NEW YORK (
's strong first-quarter report is helping the big bank stocks Wednesday, but those same sterling numbers could produce the opposite effect as earnings season wears on.
After all, names like
Bank of America
have already rallied impressively this year as evidence that the economy was embarking on a cautious recovery pointed to credit costs reaching an inflection point in the first quarter.
has quietly come along for the ride as well, gaining more than 20% year-to-date. The respective run-ups in
have been more modest but they, like JPMorgan, held up better than most during the crisis. These companies all have varying exposures to similar businesses and asset classes, but JPMorgan's diversified model lets it sit in the middle of the bunch.
Now, not only has JPMorgan provided evidence of better credit quality, it also managed to come in comfortably ahead of Wall Street revenue expectations. Top-line growth is the next big hurdle for the big banks to clear to get back to normalized earnings so CEO Jamie Dimon's success has only ramped up expectations for the rest of the group.
Brian Moynihan, for example, in his first full quarter as Bank of America's CEO, will be expected to
show revenue grew at the nation's largest bank for the first time in a year
on Friday, and if he can't, the stock, which is setting a new 52-week high on Wednesday, looks even more vulnerable now than it did before JPMorgan's numbers hit the tape.
Over at Citigroup, Vikram Pandit continues to
, but Wall Street could start to expect more than the average analysts' projection for flat revenue over the next few quarters if JPMorgan shows it can consistently outperform.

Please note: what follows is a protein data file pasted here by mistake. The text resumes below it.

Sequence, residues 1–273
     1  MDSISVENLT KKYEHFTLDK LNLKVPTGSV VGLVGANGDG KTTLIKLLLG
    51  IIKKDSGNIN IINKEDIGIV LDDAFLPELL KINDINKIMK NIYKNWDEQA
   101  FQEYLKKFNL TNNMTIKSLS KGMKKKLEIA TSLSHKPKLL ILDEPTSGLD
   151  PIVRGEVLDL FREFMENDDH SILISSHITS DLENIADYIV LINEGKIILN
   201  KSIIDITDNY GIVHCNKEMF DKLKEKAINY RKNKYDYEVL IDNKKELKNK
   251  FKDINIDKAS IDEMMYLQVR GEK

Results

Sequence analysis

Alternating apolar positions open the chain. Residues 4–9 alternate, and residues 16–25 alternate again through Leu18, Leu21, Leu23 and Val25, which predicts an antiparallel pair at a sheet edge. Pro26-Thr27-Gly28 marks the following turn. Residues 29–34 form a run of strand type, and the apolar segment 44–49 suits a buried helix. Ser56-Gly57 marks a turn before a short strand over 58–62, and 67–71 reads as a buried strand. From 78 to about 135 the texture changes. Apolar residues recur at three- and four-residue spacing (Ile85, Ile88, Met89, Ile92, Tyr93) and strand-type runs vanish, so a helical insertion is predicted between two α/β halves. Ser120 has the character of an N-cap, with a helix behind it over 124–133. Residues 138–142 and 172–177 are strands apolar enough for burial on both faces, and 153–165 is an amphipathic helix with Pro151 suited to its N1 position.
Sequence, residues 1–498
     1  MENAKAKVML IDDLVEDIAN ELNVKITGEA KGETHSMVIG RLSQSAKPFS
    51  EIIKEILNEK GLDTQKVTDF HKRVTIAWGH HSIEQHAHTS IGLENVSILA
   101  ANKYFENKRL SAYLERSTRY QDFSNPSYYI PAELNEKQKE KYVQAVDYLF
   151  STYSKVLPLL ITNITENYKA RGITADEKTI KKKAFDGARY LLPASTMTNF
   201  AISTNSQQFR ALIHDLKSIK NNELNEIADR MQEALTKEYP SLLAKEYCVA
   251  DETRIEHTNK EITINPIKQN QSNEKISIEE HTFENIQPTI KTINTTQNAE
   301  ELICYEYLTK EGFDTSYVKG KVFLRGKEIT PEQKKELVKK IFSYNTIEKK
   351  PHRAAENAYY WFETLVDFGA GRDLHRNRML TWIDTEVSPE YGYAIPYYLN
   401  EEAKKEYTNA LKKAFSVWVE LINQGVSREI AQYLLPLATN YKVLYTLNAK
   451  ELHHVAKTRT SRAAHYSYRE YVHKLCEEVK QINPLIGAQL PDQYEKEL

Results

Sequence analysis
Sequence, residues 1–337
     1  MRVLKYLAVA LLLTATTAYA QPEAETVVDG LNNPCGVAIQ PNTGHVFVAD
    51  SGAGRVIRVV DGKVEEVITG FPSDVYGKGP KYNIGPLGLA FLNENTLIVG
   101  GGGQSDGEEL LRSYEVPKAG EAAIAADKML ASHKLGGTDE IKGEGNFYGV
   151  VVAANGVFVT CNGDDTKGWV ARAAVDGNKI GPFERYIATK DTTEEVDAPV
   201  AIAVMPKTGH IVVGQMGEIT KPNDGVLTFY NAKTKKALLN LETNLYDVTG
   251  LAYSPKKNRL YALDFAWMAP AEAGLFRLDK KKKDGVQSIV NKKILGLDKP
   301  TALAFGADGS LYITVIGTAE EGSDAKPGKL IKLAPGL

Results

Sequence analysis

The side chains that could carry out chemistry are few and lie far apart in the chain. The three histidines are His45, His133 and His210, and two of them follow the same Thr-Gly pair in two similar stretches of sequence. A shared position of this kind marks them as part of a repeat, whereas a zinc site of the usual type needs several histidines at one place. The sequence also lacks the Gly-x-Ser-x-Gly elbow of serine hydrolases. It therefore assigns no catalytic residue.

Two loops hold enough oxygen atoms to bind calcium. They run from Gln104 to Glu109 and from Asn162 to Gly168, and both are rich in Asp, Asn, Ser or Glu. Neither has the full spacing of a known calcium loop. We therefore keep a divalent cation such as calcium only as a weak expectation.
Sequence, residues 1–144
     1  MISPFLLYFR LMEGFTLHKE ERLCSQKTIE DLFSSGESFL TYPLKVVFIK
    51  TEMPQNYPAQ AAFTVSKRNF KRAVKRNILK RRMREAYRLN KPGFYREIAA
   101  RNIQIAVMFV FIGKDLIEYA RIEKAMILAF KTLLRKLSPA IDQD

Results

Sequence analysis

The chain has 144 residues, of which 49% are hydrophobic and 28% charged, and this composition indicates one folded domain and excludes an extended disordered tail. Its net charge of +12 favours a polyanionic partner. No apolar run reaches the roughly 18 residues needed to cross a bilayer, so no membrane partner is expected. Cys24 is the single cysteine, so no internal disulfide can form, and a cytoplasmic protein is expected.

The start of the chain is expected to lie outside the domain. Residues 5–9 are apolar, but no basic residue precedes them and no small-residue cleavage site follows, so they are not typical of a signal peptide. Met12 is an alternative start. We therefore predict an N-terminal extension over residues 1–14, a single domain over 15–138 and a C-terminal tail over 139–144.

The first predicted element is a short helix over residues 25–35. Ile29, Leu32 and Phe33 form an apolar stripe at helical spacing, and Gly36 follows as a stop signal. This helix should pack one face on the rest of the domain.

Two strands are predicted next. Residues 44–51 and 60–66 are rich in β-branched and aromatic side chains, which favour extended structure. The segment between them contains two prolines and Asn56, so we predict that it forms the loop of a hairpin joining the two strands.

The bar just rose for Goldman Sachs and Morgan Stanley as well since JPMorgan's revenue beat was
driven by its investment bank operations, particularly fixed income trading
On top of all this, Dimon continues to talk about his desire to lift the company's annual dividend to as high as a $1 per share from the current payout of 20 cents. The timing of eventual dividend hikes is a question other bank CEOs have avoided for the most part, but Dimon and CFO Michael Cavanagh seem determined to throw out a number every chance they get.
Dimon seemed almost chipper on the company's conference call Wednesday, sounding an optimistic tone on the direction of the economy that had to stand out to long-time listeners. He is notorious for being cautious when speaking with the investment community, and became particularly so as the financial crisis intensified, so the change supports the idea that he believes the recovery is for real, and that JPMorgan's prospects are brightening.
If that's the case, the big banks could start to separate a bit, as the competition will be expected to keep up. Under that scenario, just being able to show stabilization or slight improvement in credit quality won't be enough to support higher valuations from here.
--Written by Michael Baron and Laurie Kulikowski in New York.